Village to comply with DOH

Latest meeting leads to approvals, agreements

Updates relating to the village water issues came fast and furious Monday night. Village officials say they are pleased with the results of Monday afternoon’s meeting with the state Department of Health.

Mayor Jay Niles said representatives from the village, health department and Kirsten Gillibrand’s office met in Warrensburg with a representative from the environmental finance commission, Jason Denno, acting as facilitator.

“It was a very productive meeting, a good meeting, everyone was there, and all sides were represented,” Niles said.

The meeting put everyone on the ‘same page,’ he said. The meeting was arranged to help clear the air between the village and the health department to help move the water treatment plant project forward.

The health department, he said, will accept the engineering report from the village after minor changes, allowing the project to move forward.

Receiving tentative approval at the meeting was a temporary cartridge filtration system for the current water system which, when completed, should eliminate the need for further violation notices by complying with the health department’s surface water rule.

The system could be installed in about 90 days, Niles said.

The plan included designing the filtration system to allow it to be integrated into the new treatment plant, a move which would allow the village to recoup funds spent on the system now, when funding is secured later. 

As far as the violation notices, Niles said he showed the health department the last Sentinel and after some discussion, he said they accepted the newspaper article as sufficient notification of the public.

“We were pleased with that outcome, that we’ve already notified our public,” he said. 

Also discussed during the 2-plus hour meeting was financing for the project. Niles said the village and engineering firm Lamont have been encouraged to have the project ‘shovel-ready’ by the time president-elect Barack Obama’s administration assumes leadership. Funding is anticipated for infrastructure projects which are ready to be executed, but lack funding.

“We will be ready, when that funding comes out everything will be ready,” Niles said. “If we’re in place then we’ll be considered for funding,” he said. 

Prior to the meeting, New York State Department of Health public affairs program manager Beth Goldberg said the reason the village has been ordered to begin posting or publishing a quarterly warning about the water is Granville is simply because the potential exists for a problem to occur.

“There may be negative health effects for at-risk populations such as children, the elderly and immunocompromised persons such as those with HIV/AIDS or those undergoing chemotherapy treatment. The public has the right to know what may be in their drinking water to allow them to make educated choices about their health,” she said.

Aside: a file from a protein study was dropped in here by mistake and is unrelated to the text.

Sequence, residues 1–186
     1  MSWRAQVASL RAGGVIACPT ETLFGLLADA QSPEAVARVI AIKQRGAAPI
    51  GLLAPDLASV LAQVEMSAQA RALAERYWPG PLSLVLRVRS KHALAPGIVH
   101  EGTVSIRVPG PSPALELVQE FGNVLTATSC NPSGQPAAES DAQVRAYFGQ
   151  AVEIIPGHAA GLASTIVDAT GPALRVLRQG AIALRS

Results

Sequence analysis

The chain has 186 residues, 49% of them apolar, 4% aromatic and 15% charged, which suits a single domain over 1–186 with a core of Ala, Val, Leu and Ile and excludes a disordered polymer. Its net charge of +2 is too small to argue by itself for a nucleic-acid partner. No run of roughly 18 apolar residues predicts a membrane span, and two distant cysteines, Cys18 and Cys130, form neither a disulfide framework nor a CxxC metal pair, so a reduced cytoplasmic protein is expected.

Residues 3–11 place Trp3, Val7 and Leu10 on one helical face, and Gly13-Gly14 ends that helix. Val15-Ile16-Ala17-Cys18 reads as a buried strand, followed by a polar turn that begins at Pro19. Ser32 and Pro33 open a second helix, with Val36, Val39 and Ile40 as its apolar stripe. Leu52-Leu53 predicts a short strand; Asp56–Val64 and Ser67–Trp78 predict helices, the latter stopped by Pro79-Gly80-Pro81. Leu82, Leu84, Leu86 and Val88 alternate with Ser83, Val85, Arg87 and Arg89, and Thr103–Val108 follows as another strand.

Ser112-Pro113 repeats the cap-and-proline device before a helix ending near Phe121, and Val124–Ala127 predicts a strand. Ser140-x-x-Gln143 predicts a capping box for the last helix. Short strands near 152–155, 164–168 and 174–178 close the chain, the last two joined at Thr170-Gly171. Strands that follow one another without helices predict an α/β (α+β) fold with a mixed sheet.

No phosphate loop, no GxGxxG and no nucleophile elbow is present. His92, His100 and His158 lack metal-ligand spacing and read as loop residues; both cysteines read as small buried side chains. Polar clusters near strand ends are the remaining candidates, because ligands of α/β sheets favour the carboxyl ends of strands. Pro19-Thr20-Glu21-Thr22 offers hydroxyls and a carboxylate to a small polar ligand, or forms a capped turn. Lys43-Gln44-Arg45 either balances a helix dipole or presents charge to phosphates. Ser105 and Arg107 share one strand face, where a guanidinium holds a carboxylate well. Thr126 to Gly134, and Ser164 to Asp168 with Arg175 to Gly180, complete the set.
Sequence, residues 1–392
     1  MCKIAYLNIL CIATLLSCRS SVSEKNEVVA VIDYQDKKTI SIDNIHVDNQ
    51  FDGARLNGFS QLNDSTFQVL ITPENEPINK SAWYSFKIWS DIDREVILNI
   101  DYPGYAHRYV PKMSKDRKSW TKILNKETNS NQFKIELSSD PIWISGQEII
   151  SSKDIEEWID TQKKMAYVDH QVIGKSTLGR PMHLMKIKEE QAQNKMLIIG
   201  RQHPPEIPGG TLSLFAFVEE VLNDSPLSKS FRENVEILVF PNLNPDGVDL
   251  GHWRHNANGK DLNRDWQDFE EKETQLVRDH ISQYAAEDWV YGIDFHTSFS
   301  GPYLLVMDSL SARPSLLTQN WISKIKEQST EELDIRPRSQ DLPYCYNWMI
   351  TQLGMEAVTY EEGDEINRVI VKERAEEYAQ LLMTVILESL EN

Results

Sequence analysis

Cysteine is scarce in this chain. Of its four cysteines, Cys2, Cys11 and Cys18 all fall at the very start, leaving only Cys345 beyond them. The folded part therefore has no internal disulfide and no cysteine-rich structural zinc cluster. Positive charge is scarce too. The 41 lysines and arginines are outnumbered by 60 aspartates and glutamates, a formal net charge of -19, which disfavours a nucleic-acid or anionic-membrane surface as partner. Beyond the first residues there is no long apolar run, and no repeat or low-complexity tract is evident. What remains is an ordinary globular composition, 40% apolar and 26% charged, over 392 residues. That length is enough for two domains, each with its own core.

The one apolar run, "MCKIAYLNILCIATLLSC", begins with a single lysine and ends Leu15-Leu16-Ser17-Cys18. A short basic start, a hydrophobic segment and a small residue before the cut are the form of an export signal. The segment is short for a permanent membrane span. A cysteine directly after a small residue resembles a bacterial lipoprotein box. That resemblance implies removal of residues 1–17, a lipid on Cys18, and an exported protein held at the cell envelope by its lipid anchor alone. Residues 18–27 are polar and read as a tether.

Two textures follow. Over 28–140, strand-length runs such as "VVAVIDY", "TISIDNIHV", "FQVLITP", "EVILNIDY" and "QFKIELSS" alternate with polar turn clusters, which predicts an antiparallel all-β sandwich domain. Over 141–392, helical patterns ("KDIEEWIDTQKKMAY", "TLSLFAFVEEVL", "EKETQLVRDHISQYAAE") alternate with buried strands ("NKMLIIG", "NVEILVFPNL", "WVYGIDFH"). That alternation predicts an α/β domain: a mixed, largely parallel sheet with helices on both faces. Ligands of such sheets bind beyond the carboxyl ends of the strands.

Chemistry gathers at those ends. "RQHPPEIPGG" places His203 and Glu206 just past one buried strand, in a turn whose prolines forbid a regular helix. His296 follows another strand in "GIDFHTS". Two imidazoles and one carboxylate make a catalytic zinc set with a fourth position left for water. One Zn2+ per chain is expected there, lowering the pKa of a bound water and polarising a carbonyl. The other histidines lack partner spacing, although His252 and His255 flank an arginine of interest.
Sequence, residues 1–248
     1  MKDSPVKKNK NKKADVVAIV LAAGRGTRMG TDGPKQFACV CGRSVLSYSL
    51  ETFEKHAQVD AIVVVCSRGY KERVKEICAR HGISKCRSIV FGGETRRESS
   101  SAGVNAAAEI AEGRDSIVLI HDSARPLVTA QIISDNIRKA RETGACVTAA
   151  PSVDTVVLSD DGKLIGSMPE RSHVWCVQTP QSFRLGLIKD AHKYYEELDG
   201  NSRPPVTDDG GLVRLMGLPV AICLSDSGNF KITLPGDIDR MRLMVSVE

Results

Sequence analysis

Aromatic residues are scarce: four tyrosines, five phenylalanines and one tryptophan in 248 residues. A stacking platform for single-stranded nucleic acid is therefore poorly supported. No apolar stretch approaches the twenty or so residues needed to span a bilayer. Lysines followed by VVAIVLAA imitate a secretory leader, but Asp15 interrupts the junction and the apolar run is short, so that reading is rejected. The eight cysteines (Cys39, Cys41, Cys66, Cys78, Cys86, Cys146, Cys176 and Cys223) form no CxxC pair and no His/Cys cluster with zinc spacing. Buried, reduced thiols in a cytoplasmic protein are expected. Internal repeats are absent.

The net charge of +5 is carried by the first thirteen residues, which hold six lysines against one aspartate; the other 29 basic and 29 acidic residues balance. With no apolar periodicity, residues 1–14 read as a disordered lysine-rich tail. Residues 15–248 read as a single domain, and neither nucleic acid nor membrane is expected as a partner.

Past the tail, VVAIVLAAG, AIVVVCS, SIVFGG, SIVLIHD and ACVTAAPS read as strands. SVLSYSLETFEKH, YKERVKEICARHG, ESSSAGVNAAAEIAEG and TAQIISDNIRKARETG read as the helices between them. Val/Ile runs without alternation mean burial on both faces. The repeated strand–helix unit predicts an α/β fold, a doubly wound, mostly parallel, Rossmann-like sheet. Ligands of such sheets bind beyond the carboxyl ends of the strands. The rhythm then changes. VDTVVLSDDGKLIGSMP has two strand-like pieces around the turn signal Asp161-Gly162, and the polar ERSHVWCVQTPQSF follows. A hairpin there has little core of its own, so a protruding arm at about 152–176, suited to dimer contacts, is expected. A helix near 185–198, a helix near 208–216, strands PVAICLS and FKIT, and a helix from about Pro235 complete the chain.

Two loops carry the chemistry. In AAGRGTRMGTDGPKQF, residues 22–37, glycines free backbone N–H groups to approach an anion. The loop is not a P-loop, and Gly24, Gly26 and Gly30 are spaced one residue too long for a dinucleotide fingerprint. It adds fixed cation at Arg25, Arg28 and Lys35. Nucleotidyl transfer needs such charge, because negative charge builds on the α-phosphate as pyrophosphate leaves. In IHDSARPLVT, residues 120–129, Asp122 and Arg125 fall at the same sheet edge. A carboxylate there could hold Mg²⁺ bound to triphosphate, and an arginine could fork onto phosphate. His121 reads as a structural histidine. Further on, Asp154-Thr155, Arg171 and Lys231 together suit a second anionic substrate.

Those risks are associated with water systems which have been declared GWUDI by the health department as the village water source was in 2007.
“GWUDI stands for Groundwater Under the Direct Influence of surface water. Drinking water sources that are determined to be GWUDI exhibit certain characteristics of surface water such as the presence of algae, chlorophyll (containing plant matter); variations of water temperatures or microorganisms. A GWUDI well may be within close proximity of a surface water body such as a river. The Village of Granville’s source is in close proximity to the Mettowee River,” Goldberg said.

Niles said he has no issue with posting the notice, but felt the notice the health department gave the village to post could alarm residents.

Prior to Monday’s meeting, Goldberg told the Sentinel that the village had run out of time to comply with the health department surface water rule and must now post the violation notice.

“They have reached the end of the 18-month period and are out of compliance with the SWTR (Surface Water Treatment Rule (5-1.30 (b)),” Goldberg said.

The village had three options for compliance with the surface water rule: find another water source, treat the water or purchase water from an approved source until the can comply with the rule.

The village examined the options and chose to develop a new source by building a water treatment plant for new wells at the same site already in use.

Failure to comply with the surface water rule, with the health department deadline, resulted in the requirement to post the notice, Goldberg said.

Goldberg said the only penalty at this time would be the posting of the notice, but a fine could result if the village fails to comply with the agreed upon deadline for completion of the water treatment plant in 2010.

“There is no fine if they meet the 2010 deadline. If they do not, we can extend the deadline. If we agree to extend it, there will be no fine,” Goldberg said.

Goldberg said the notice the health department requires when a municipality comes into violation of the surface water rule is a standard.

“The notices that we distribute are based on notices provided by the United States Environmental Protection Agency in the Public Notification Handbook,” she said.

“As stated in the Public Notification Handbook, we provide each water system with a copy of our standard notification, and they are permitted to make modifications provided the mandatory health effects language is in the notice,” she said.



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